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In Focus: Staff Photos from June 3 - June 9

Children show their respect for a soldier who lost his life in Iraq. A horse-drawn carriage conveys the coffin of Army Pfc. Joseph J. Anzack Jr., 20, to a service Friday at South High in Torrance, where he played football. Anzack was captured in an ambush near Baghdad on May 12, but his body wasn’t found for nearly two weeks. (Wally Skalij / LAT)
Illegal dumps are spread across the Torres Martinez reservation like ugly wounds, making it the most polluted tribal land in California, Nevada and Arizona. Vast swaths of desert have been transformed into toxic trash heaps threatening the tribe and nearby communities. Federal officials struggle to shut down the dump sites, but new ones pop up all the time. Unlike other tribes nearby, the Torres Martinez are poor. But. they do have 24,000 acres of land from Riverside to Imperial counties, and as development in the Coachella Valley has exploded, some tribal members have cashed in by offering land to people looking to cut corners on waste disposal costs. Tent dweller Tonetta Torro, 50, has lived alongside the hazardous AuClair dump, and keeps four wolves tied up for protection from the bad elements who populate the area. (Irfan Khan / LAT)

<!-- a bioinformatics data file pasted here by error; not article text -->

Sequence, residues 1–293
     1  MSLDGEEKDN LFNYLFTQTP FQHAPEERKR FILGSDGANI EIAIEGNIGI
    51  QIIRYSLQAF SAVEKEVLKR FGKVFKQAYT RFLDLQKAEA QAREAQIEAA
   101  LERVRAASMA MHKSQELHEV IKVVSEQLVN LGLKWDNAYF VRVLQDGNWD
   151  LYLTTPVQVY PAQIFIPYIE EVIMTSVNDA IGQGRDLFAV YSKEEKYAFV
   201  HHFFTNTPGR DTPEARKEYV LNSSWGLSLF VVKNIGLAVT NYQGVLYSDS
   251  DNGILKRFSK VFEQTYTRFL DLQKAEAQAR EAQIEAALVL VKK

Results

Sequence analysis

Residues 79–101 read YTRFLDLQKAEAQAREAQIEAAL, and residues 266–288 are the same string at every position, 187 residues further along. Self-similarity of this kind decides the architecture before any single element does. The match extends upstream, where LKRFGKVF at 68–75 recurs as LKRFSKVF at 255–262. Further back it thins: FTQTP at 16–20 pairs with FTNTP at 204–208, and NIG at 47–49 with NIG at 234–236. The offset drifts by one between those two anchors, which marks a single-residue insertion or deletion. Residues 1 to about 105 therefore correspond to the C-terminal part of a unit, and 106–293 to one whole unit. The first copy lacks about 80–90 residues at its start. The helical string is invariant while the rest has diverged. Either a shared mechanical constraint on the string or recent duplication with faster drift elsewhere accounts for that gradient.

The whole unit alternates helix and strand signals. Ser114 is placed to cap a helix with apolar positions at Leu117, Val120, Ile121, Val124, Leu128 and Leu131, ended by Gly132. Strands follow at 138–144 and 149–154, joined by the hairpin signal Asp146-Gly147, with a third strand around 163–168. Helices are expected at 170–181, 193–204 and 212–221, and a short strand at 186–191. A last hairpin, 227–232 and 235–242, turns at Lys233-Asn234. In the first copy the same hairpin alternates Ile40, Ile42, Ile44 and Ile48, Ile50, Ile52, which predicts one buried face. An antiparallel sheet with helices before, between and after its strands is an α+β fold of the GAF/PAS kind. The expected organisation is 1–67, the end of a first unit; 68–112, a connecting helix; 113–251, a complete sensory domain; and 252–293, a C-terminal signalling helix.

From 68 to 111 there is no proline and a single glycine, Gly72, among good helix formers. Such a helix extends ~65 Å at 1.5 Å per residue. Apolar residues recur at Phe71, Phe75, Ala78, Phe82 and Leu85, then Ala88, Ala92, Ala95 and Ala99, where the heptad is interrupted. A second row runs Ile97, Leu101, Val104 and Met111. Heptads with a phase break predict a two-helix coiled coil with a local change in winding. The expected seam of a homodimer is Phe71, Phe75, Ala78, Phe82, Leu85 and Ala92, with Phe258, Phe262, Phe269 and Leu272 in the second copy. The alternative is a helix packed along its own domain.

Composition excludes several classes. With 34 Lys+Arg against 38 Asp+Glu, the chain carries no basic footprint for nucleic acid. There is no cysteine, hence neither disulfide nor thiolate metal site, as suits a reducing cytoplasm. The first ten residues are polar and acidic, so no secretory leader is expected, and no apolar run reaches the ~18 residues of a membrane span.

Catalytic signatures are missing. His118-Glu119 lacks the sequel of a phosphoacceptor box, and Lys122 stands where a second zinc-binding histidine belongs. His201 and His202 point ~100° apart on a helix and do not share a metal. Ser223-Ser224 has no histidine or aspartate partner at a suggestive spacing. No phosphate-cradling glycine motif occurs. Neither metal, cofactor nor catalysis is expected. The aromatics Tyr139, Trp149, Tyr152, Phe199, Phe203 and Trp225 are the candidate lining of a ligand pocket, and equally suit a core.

Celebrating the first NHL championship on the West Coast, Anaheim Ducks Dustin Penner, left, Ryan Getzlaf and Corey Perry hoist the Stanley Cup after taking the series in game 5 against the Ottawa Senators by an impressive score of 6-2 at home in the Honda Center. (Wally Skalij / LAT)
Time was, handball was the sport of the barrios, and although it has become less popular with changing demographics, the game has endured in certain neighborhoods. In Santa Ana, handball courts recently were renovated, and on Saturday, the Street Light Church of Garden Grove held a tournament and Christian outreach to players predominantly affiliated with gangs. Raymond Carra of Ventura shows his form during play at El Salvador Park as David Nunez of Lake Forest, rear left, Armando Duran of Santa Ana and Anthony Lara of Anaheim anticipate the return. (Allen J. Schaben / LAT)
Residents of a home in Highland Park consumed by fire escaped unharmed Sunday afternoon, but neighbors, including Vicky Miranda, right, and an unidentified woman, reflect the trauma and the danger. The fire, whose cause was not immediately known, started outdoors and spread to the home’s attic. It took firefighters about half an hour to extinguish the blaze. (Rick Loomis / LAT)
The beach structures near the former site of the Venice Pavilion have long been a magnet for graffiti. Painting there was made legal several years ago, but taggers have been drifting over from the legal area to deface homes and businesses nearby. Hoping to quell complaints from locals, a new set of regulations was launched Sunday for the Venice Graffiti Walls. Under the new system, volunteers will staff the beach site near Windward Avenue on weekends and city holidays, and issue would-be artists free permits to paint. Police will patrol the surrounding area, cracking down on graffiti vandalism outside of the permitted area, renamed the Venice Public Art Walls. Here, Tony Castellanos covers illegal graffiti at the site (Richard Hartog / LAT)